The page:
Efficiency, Sustainability and Equity in Ecosystem Management
Chapter 5: Case Study: Eutrophication Control in the De Wieden Wetland, The Netherlands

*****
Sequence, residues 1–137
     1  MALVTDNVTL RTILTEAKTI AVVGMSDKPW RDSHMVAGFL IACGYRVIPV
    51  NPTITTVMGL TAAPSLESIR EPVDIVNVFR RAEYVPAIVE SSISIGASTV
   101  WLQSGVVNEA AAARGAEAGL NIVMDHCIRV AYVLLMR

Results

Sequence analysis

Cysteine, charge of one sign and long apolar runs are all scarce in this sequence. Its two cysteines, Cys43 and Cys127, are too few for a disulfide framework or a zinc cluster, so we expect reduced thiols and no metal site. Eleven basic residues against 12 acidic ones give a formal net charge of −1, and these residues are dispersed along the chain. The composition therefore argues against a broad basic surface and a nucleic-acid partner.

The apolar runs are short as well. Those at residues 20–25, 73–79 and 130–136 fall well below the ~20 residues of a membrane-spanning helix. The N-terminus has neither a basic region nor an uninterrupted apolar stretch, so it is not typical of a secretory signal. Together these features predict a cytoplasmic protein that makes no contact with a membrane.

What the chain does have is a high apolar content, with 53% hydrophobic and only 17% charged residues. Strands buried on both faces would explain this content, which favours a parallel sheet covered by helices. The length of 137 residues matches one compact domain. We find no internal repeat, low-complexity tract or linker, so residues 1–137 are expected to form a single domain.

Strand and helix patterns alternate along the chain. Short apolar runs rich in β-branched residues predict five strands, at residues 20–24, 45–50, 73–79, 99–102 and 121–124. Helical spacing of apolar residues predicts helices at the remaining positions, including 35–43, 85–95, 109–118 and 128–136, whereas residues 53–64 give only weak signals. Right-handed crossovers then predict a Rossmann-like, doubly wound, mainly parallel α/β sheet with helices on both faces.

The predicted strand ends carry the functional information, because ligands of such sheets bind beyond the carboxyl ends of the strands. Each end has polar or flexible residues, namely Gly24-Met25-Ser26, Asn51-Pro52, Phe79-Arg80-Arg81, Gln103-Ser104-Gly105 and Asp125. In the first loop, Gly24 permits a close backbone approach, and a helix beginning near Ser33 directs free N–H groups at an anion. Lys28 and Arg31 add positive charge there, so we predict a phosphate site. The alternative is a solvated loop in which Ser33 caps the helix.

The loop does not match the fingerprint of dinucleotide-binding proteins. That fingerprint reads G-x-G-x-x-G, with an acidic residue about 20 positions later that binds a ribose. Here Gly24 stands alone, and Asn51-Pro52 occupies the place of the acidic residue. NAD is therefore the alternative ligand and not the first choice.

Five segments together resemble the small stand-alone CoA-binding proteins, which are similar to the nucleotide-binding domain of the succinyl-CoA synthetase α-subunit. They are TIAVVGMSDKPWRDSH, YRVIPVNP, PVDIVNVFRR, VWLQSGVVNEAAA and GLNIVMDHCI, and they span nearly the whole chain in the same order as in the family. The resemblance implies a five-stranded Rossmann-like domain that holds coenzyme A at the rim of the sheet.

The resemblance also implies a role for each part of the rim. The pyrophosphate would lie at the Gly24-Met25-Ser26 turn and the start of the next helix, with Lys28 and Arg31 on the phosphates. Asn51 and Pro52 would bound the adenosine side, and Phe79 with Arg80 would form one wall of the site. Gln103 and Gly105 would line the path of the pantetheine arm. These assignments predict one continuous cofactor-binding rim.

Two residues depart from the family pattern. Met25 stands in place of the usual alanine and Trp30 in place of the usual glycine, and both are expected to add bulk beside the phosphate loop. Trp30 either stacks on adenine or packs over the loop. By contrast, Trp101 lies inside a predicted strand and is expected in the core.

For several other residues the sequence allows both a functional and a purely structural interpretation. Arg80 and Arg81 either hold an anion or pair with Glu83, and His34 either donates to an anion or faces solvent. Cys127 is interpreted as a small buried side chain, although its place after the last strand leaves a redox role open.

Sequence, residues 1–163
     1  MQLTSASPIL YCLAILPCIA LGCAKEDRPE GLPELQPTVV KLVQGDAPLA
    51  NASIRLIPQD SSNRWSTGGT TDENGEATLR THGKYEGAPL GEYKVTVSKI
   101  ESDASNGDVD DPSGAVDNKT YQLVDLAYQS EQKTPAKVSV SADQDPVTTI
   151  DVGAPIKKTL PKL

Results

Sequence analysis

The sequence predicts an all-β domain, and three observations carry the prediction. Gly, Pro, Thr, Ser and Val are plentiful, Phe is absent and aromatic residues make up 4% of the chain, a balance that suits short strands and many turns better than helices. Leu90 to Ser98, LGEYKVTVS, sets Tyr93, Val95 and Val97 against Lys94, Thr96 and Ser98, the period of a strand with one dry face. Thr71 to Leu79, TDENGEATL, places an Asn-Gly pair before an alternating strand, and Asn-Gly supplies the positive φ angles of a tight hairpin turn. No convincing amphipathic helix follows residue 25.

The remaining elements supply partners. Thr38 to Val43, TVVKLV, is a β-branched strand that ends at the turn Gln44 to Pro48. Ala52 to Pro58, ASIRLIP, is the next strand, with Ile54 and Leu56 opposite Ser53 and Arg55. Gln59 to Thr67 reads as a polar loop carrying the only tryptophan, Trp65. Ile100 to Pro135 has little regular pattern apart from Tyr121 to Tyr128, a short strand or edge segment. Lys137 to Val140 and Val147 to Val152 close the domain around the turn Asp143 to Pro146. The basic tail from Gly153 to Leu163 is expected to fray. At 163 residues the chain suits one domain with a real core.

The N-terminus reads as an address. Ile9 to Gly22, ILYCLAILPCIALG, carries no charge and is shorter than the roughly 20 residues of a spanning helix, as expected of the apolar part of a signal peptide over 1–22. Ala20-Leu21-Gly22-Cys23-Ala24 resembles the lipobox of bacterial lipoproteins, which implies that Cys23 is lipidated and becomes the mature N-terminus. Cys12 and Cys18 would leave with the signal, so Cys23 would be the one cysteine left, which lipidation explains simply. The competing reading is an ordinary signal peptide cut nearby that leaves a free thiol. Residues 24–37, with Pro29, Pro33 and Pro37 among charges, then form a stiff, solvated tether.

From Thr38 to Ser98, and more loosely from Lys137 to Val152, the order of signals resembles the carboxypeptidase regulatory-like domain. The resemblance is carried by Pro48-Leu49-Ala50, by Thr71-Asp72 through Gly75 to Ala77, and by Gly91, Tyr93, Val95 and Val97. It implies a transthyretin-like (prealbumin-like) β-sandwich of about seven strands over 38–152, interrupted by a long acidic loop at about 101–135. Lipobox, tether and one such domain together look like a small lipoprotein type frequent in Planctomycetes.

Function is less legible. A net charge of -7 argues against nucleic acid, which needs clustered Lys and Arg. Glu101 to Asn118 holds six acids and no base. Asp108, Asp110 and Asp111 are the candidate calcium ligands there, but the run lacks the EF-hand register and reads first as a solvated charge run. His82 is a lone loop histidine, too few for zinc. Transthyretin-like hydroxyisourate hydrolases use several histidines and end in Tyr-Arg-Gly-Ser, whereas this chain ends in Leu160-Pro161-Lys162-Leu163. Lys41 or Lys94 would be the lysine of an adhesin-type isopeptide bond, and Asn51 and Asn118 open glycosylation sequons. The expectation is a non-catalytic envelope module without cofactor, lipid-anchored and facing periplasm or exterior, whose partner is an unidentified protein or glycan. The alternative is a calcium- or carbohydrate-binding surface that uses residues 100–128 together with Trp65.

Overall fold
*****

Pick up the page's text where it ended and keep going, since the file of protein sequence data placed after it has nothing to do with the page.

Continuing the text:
INTRODUCTION 5.1 This chapter aims to apply the ecological–economic modelling approach described in Chapter 3 to a real-world ecosystem. The framework is used to construct an ecological–economic model to compare the costs and benefits of eutrophication control measures in the lakes of De Wieden, the Netherlands. Eutrophication of lakes is caused by the inflow of nutrients, in particular nitrogen and phosphorus, that are released from agricultural or urban sources. Eutrophication often leads to a reduction in the supply of ecosystem services. For instance, it may affect recreation, fisheries or nature conservation in and around the water body (Carpenter et al., 1999; Mäler, 2000). The response of a freshwater lake to changes in nutrient loading is generally subject to multiple states and thresholds. These multiple states are determined by different factors in deep and shallow lakes. In deep lakes, a critical aspect of the lake ecosystem dynamics is whether the deep part of the lake is in an aerobic or anaerobic condition. In shallow lakes, different states are characterised by different lake visibility and different plant and fish communities (Timms and Moss, 1984; Scheffer, 1998). This case study focusses on a shallow lake ecosystem, accounting for the complex dynamics of this ecosystem. The identification of efficient eutrophication control strategies involves the comparison of the costs and benefits of eutrophication control measures. The costs relate to the investment, operation and maintenance of pollution control equipment, the benefits to an increased supply of ecosystem services following reduced eutrophication. A crucial...
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